Create content bundles for people in your niche working from home. People may have more time now so create courses that you haven't been able to get to in the past. Social media might be something that people could get better at now and use. Chipotle is hosting Zoom open-line lunch sessions. Any organization can do that. Also special event streaming is becoming huge—live musicians. If you had an event planned with a high-level keynote in your niche, look at a live-streaming opportunity.
Explore your archives. It's a great time to dig into your files. What do you have that can be recycled and refreshed—maybe a white paper that approached crisis communications. People are also craving community now. How can you create that online dialogue? Also podcasts are experiencing incredible upticks now. Anchor, which is owned by Spotify, just launched a feature making it easy to record with friends.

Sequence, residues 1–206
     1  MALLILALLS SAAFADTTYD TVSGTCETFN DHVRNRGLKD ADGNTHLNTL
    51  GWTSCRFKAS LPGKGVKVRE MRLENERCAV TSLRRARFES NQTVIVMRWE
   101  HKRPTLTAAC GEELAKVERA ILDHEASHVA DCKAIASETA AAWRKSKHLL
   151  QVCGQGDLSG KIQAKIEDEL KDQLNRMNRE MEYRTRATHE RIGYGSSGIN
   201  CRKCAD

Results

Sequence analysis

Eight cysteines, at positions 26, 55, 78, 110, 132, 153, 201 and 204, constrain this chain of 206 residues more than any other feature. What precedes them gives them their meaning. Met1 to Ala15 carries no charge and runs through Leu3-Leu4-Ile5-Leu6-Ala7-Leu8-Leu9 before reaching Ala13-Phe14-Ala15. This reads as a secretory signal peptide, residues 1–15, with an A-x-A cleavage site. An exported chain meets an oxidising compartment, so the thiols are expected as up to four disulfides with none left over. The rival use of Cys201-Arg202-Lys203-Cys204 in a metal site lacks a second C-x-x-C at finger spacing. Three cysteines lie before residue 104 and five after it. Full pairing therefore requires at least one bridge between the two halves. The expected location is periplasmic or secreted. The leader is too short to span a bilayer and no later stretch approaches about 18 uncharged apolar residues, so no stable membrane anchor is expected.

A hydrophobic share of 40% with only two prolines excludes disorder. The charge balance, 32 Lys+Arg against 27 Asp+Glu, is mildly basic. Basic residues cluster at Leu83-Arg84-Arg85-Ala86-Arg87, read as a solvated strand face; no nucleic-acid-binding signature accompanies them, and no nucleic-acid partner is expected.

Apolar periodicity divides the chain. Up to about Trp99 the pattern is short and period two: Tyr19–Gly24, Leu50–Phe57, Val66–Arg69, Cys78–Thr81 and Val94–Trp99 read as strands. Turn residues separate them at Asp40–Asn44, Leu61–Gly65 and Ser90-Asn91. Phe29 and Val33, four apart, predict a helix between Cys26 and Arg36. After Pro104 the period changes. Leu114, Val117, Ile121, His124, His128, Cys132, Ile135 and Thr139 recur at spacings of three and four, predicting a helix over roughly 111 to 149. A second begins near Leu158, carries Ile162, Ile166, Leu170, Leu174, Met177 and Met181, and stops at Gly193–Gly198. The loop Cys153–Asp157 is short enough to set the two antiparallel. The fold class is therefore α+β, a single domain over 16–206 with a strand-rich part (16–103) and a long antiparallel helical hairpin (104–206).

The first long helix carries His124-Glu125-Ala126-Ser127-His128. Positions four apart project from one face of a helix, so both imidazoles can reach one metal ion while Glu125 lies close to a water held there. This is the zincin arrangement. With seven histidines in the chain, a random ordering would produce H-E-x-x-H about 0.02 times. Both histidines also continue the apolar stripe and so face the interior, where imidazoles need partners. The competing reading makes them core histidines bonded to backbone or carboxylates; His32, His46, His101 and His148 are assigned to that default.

Find new opportunities. Buyers and sellers still want to be brought together. Sponsors were looking forward to the face-to-face opportunities at your events, Now they're looking for new opportunities. How can you use your website and the advertising opportunities there to introduce new concepts perhaps, maybe video? The needs of your members are changing. Can you meet them?